This past July, my wife and I were in Dallas for a convention having to do with her business. It was a hell of a hot time to be going down to Texas. But sometimes you gotta do what you gotta do.
More than two weeks earlier I’d gotten a call from a buddy of mine that I hadn’t heard from in nearly seven years. We go back nearly 27 years together, Barry and I. He’s one of those friends where even when you lose touch for years, it’s like it has only been days once you see each other again.
He tells me that he’s living in Dallas and has been there a couple of years. Said the reason he hadn’t called was because he’d lost my phone number, but then found it again when he was cleaning out some drawers. If you’ve ever been a bachelor, you know how those things go. Barry also told me that his mother, Velma Spiller, had passed late last year. That hit me hard. Without Barry’s mother I don’t quite know how I would have survived the four years I lived on Chicago’s South Side during the early ‘80s trying to make it as a writer and musician.
I still remember how much her knees would be hurting after she returned home from working a long night downtown cleaning buildings, but she was never so tired that she didn’t take time to make sure I was just as well cared for as her own son. I can’t remember if she ever spoke with my mother over the phone, although I’m sure she did, but the fact that I was Barry’s friend was more than enough reason in her mind for her to take me in. She knew what it meant for a mother — mine — to know that her only son has somewhere safe and nearby to go in case of trouble. And there was plenty of trouble in Chicago in those days, believe me. Ms. Spiller always told me that if she had a dime, I could be sure I had a nickel coming. She meant it. I’m sorry I missed the funeral, but far more than that, I’m sorry that I didn’t manage to stay in better touch with her after I left the city.
Barry and I talked for a while about his mother, about how her life had been in her final years, and about what had been going on with the two of us. There was a lot to catch up on, which was why I was glad to tell him that I’d be in Dallas within a couple of weeks. We arranged to get together, and two weeks later on a Saturday we were sitting in a downtown restaurant doing serious damage to some ribs. Once we were through, and the bones were scattered about, the conversation eventually got around to the fact that my buddy was tired of living the single life. Me being the kind of guy I am, I figured maybe I could, you know, help out.
“You interested in meeting somebody?” I asked.
I’d barely gotten the question out before he said, “yes.” After talking the idea over with my wife, we arranged for him to meet a mutual friend the following night. They met. They talked for more than an hour. They met again on Monday night at another function. On Tuesday, he proposed. She accepted.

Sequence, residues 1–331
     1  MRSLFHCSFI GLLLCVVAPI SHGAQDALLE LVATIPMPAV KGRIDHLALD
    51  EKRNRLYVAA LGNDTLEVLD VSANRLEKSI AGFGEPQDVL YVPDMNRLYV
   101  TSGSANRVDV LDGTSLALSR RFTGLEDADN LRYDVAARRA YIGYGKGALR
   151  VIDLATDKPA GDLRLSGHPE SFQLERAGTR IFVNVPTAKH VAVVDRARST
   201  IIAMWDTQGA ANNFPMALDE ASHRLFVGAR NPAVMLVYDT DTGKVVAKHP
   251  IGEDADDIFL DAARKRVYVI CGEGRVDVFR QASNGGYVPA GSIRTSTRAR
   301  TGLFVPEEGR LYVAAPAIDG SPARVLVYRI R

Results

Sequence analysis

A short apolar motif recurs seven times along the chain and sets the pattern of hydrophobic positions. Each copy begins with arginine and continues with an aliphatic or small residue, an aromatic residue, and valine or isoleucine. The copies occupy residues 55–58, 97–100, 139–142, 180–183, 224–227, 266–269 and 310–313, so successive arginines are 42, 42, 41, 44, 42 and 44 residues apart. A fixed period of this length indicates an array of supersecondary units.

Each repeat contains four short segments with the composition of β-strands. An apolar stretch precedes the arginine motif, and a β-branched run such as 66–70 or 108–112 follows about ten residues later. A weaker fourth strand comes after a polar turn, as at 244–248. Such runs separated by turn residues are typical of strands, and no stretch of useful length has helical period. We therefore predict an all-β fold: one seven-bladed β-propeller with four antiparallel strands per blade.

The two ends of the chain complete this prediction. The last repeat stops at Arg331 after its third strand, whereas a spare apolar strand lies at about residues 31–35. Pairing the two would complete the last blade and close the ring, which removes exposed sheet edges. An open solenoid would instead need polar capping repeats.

Not quite a month later, on Aug. 23, a very good friend of mine and Barry’s, who goes back that same 27 years of friendship with us both, arrived at Detroit Metro airport for a totally unrelated family matter. I had called and told him Barry was getting married that weekend, and since he hadn’t seen Barry since we were all in high school together at an East Coast prep school in the mid-’70s, he knew he had to arrange to be there. I picked him and three of his four children up at the airport.
On the morning of Saturday, Aug. 26, Salim wasn’t sure he would be able to make the wedding, but he at least wanted for the three of us to have breakfast together. We met at a diner, had breakfast, and Barry and I convinced Salim that he absolutely had to be there. Actually, Salim had made sure to bring his laptop computer to the breakfast, so I think he knew in advance that he was walking into a losing argument against the two of us. It’s been 27 years since you’ve seen the man, Salim, and you really think you’re gonna miss the wedding? Try again, my brother.
Later that afternoon, barely a month after the two of them first met, Barry and Kym were married right here in Detroit. I was best man.
The next day, after a nice family gathering at the home of the bride’s parents, the bride and groom hopped into their big pink Cadillac and drove 18 hours or so to Dallas. Barry had to get back to work at his job as a supervisor at a food distribution company. As for Salim, who grew up right over there on the east side near Concord Avenue and East Jefferson, he had to hop on another plane Sunday morning and head to New York, where he’s scheduled to begin his new job this fall as a college professor.
Me? I just thought I’d tell you about it as a reminder of how important friends are. Even old ones you haven’t seen in years.Keith A. Owens is a Detroit writer, editor and musician. E-mail firstname.lastname@example.org